Anselm and I wrote a book yesterday. I think you’ll agree that it shows early promise of considerable genius. We worried! We laughed! We made sure to open and close our tale in accordance with all the orthodox formularies of fairy tales! We gave it a title that turned out to be completely irrelevant to the contents! In short, we had quite a bit of fun.
THE WEEKS (by Mama and Anselm)
Once upon a time, there were some Vs.
And there was the rest of the alphabet.
But the Vs had gone away! They went to the beach.
The Vs have to come back.
So the Vs walked back from the beach.
The Vs were back!
When the Vs were back at the alphabet, they had to take off their shoes and their jackets.
And they lived happily ever after. The End.
We’ll be querying agents shortly.
By and large, I don’t remember learning much geography in school, although presumably I learned some. I remember learning the Canadian provinces and territories back when there were only twelve to worry about, and being praised for a neatly-coloured map of Ontario in Mrs. W’s grade six (?) social studies class; I don’t remember what we learned in grade nine geography with Mr. V, though I do remember the movies we watched (The Perfect Storm, Enemy of the State, Ferris Bueller’s Day Off, something else that might have been Twister). But like many (perhaps most?) children I drew a lot of imaginary maps — first pirate treasure maps, mostly, and graduating to making the occasional maps for my brother’s DnD sessions — and still retain an affinity for them. I may not always be able to use them very well (see: me in any mall), but I do love looking at them.
That affinity for maps is probably the baseline common characteristic for those profiled in Ken Jennings’s book Maphead: Charting the Wide, Weird World of Geography Wonks. (Does the name Ken Jennings sound familiar? You are likely remembering his record-setting 74-game winning streak on Jeopardy! about a dozen years ago.) But what happens to those kids who don’t set aside their passion for the atlas when they start getting older? Jennings gives us some of the answers, looking at the world of high-end antique map collecting (and dealing, and stealing); geographic “collectors” who strive to visit every country in the world, or the highest point in every American State, or degrees of confluence (points where lines of latitude and longitude meet); the history of geocaching; the passionate world of “road heads,” lovers of the US Interstate System; and the child competitors of the National Geographic Bee, among other topics. It’s a warm-hearted, funny, deeply interesting read, and I will likely be putting Jennings’s first book, Braniac: Adventures in the Curious, Competitive, Compulsive World of Trivia Buffs, onto my reading list in the not-too-distant future.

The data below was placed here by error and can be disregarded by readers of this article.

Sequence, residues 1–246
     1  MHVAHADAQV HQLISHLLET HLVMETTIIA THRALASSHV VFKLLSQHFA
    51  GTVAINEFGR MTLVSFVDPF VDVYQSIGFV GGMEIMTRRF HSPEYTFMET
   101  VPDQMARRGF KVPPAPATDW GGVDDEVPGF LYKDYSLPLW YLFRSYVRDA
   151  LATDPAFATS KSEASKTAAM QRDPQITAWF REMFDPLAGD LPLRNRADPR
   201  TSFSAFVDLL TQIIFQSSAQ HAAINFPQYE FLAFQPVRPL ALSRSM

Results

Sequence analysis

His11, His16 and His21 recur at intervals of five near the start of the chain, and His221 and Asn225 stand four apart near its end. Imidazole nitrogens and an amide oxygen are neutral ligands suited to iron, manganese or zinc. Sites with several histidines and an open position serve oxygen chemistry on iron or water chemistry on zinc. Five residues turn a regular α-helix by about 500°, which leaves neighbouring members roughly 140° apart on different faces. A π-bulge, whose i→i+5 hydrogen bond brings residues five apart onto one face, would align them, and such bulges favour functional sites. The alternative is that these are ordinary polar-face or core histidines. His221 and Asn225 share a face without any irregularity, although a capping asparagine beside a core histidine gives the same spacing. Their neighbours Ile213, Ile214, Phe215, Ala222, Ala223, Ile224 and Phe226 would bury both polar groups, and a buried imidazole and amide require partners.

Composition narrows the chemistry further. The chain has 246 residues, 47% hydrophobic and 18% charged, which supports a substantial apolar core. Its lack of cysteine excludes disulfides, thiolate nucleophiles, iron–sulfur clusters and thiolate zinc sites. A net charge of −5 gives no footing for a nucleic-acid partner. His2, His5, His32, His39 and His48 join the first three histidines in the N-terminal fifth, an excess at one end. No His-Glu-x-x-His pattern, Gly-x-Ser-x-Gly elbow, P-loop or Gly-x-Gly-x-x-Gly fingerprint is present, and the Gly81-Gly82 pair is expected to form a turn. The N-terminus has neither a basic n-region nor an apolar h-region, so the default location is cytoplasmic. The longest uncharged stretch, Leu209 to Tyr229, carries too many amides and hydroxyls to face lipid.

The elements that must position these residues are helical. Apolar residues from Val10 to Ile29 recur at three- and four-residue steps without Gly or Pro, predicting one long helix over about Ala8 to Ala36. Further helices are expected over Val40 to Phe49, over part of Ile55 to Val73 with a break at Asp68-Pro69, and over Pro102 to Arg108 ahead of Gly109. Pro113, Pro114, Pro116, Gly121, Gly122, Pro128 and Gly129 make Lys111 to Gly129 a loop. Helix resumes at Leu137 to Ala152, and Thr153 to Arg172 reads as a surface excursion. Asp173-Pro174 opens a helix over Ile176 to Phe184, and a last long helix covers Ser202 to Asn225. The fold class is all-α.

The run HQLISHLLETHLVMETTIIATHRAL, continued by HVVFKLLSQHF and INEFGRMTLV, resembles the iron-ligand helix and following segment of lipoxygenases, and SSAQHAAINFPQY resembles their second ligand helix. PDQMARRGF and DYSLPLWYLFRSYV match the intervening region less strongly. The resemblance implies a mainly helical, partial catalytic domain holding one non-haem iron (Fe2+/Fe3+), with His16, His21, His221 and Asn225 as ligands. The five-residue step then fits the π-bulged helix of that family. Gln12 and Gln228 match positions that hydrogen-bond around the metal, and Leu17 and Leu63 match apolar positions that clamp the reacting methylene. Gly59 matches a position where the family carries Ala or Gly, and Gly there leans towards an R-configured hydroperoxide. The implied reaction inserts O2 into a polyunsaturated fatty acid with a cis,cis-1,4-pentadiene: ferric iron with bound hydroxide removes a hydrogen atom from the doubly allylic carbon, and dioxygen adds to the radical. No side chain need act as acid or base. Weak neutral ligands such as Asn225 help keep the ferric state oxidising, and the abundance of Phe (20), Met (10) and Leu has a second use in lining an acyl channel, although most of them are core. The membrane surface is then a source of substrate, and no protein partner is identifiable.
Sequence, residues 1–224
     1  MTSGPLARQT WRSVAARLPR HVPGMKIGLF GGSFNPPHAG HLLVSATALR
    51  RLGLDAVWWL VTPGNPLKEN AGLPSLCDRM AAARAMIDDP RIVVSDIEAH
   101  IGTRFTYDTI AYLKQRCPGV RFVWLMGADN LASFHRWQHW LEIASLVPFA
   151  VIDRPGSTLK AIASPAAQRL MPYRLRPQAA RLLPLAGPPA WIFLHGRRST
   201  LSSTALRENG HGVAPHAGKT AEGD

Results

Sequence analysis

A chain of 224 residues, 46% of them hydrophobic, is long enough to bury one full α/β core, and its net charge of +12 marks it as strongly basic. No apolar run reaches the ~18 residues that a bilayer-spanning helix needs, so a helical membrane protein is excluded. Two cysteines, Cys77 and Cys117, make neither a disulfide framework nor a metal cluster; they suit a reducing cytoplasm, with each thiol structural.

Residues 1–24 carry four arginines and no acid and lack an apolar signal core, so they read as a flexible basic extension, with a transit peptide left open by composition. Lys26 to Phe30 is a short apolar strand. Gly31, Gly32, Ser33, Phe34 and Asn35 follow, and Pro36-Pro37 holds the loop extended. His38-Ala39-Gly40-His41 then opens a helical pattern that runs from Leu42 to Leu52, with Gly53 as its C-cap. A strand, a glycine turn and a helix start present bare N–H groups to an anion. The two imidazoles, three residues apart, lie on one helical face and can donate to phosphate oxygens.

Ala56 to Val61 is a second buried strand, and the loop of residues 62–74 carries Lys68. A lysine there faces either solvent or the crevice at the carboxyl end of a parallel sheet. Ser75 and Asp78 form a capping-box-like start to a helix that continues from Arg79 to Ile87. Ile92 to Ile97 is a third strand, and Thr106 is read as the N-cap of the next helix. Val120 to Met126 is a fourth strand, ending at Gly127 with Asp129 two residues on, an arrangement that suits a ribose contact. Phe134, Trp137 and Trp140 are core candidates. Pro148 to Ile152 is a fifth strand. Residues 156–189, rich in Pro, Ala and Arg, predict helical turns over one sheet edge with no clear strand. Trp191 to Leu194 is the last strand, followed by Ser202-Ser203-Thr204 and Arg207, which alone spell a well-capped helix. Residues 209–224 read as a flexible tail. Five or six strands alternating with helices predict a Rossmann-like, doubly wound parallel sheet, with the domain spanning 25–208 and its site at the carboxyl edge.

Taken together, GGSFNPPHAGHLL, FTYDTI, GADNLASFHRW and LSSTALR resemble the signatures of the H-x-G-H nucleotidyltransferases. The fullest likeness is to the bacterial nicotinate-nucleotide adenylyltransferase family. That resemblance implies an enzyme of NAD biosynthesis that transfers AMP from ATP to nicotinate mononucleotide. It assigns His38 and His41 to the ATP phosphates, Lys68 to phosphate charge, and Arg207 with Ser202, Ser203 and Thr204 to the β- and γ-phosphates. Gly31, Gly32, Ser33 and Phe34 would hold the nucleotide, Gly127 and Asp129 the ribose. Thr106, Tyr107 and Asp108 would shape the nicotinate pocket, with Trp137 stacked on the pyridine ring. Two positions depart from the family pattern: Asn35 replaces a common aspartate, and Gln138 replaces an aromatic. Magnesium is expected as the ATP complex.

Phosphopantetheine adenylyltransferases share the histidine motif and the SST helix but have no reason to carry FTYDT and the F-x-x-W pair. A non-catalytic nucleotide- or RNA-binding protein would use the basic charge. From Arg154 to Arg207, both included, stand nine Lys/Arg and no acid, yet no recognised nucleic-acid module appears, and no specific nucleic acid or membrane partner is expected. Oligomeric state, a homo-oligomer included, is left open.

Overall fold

I don’t quite remember how I stumbled on Maphead — I think it was recommended, or at least mentioned, in Kory Stamper’s book on lexicography, Word by Word. In any case, I’m glad to have found it, not least because we seem to be raising a geography wonk of our own. Anselm loves maps. He plays Stack the States and Stack the Countries on our decrepit first-gen iPad, and can confidently map the entire world, with or without border lines (his favourite continent: South America). I have no idea if this interest will last the rest of his life, or even into the next year, but it was fun to be able to see some of the places it could take him — pun intended.
The best thing about having a precociously verbal two-year-old is getting to find out what, exactly, goes on in a toddler’s mind. (This is also the worst thing about it.) Here’s a peek:
On his sister: “This is a big heavy kid. I think you should lift it off my bed.”
On interpersonal relationships: “Can I thump you? Can I bump you? Can I push you and you will fall down and cry? Can I bash you to bits?”
On beauty regimens: “Can I put my pee in your hair?”
On the preaching ministry: “Daddy is writing his sermon loud, Loud, LOUD!”
Wishful thinking: “Can we buy a phone for me and I can use it by myself?”
On alternative medicine: “Mama, can I pass you my hiccups?”
On geography: “Zambia, Gambia. Zambia, Gambia. Zambia, Gambia! Zambia and Gambia… RHYME!”
On chores: “Can you help me clean up this house, because it’s really really messy?”
Keeping it encouraging: “My big fat mother needs to take off all her clothes and have a shower.”